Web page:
Bringing Christmas to the Castle

How Rod Hunter and his Christmas Decor team deck the halls of the Sanford Children’s Hospital.

By: Jenny Rackl .

Rod Hunter lifts one of his sons to the top of the tree at Christmas at the Castle
Rod Hunter lifts one of his sons to the top of the tree at Christmas at the Castle
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It starts in the days before Thanksgiving in 5,000 square feet of warehouse space.

Doors swing open and gloved hands reach forward to bring out crates full of decorations. Boxes of ornaments are opened. Strings of lights -– in the hundreds –- are plugged in and holiday displays are checked. Wreaths and garlands are sorted –- and then they unwrap the trees.

“I’ve usually got about five guys in the shop and we fluff out all the trees,” Rod Hunter, owner of Christmas Decor says with a laugh. “My guys don’t like that, but we still call it fluffing.”

Just like the holiday season, it’s an annual process to bring all the splendor of Christmas to Sanford Health’s Castle of Care. Since 2007, Hunter’s Lawn & Landscape, an affiliate of the holiday decorating company Christmas Decor, has decorated the outside and interior of the Sanford Children’s Hospital, as well as other buildings across the main Sanford Health campus in Sioux Falls, South Dakota, from the surgical tower to the Imagenetics building and Ava’s House.

An especially important part of the company’s outside decorating is getting the outside Christmas tree, which is brought to the Sanford Children’s Hospital by truck, ready for the lighting ceremony, which officially kicks off the holiday season each year. This involves a boom lift to reach even the highest branches with lights and decorations that will sparkle and shine.

Some assembly required

The process of decorating the Sanford Children’s Hospital includes storing decorations for the 11 months when they’re not in use. The behind-the-scenes details of the operation might not be as magical as the end result, but there’s a lot of heart that goes into the project at every stage.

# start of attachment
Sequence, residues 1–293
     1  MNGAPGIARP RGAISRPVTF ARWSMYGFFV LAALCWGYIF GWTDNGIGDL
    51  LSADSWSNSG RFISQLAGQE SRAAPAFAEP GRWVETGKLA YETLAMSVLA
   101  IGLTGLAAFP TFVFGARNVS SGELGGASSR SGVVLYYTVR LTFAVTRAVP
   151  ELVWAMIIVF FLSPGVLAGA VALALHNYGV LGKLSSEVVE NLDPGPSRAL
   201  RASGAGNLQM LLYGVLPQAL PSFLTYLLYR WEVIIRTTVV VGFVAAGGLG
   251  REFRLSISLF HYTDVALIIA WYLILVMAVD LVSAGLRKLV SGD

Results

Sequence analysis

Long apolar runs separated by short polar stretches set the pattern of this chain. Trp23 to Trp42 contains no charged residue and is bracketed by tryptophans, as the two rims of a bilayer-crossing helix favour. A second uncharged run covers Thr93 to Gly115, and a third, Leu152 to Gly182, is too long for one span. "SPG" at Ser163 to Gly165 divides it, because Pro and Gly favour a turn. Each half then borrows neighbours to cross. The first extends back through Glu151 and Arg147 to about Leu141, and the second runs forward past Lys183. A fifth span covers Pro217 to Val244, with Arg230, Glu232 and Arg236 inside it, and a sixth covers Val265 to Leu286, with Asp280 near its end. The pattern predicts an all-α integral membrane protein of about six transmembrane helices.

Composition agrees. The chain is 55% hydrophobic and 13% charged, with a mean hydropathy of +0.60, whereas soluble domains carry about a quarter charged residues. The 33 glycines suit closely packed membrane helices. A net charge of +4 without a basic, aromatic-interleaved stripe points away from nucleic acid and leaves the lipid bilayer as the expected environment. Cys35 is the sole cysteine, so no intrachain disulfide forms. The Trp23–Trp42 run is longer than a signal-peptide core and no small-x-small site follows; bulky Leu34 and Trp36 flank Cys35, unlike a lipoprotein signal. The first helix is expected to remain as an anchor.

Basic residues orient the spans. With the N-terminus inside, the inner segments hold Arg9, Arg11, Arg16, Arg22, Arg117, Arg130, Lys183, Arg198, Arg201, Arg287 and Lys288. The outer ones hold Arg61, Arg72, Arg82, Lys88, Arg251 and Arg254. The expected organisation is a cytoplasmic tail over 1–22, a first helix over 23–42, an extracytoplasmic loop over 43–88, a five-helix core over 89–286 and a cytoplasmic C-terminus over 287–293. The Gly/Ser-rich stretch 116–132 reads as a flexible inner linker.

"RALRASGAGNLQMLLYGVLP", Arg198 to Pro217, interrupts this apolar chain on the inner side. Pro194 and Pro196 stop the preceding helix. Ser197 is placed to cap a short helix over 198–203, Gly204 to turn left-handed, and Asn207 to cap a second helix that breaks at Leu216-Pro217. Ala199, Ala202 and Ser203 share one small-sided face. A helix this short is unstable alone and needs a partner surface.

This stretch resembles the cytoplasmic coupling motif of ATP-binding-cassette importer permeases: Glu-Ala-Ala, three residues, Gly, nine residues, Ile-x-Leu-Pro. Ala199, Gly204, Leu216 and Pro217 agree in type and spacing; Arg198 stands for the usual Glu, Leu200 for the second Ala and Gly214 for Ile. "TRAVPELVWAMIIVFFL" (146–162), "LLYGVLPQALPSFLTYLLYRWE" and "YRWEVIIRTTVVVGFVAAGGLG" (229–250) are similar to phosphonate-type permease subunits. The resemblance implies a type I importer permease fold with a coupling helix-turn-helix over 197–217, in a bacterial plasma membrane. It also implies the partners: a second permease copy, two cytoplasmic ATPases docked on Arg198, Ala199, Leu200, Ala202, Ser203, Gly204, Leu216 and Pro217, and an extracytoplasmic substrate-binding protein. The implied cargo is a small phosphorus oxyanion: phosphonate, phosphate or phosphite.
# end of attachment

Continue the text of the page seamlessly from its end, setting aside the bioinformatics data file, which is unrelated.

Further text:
“We bring in a variety of different decorations and try to put a smile on everybody’s face over the holidays,” Hunter says.

The evening of Thanksgiving, when most families are either lounging at home or in the hustle of early holiday shopping, Hunter and his crew are at the warehouse, loading up all of the decorations onto trailers for transportation to the hospital. Then the day after Thanksgiving, they start delivering and spend the weekend –- quite literally -– decking the halls.

“I don’t know how many boxes we bring in –- lots of boxes full of everything from polar bears to elves to Santa Clauses and a mailbox to the North Pole,” Hunter says. “We’ve probably got a couple hundred feet of garland that’s strung around the lobby and the railings. And we’ve got bows and wreaths and then sock monkeys for the kids. There’s a lot that we bring in.”

According to Hunter, the goal is not perfection, but to make each tree look as though kids went and chose their favorite ornaments for it. The team tries to choose colorful, whimsical and fun decorations to capture imaginations. The crew members sometime even wear Santa hats while they decorate.

“We go for big, bulky, fun ornaments,” Hunter says. “We’ve had elves split in half and we’ve had their behind and legs hanging out of the tree. We try to do something a little different and creative every year.”

By the end of that last weekend in November, despite long hours and sometimes icy conditions, the majority of the Christmas decorations are displayed and the hospital feels very festive.

Spreading joy as a family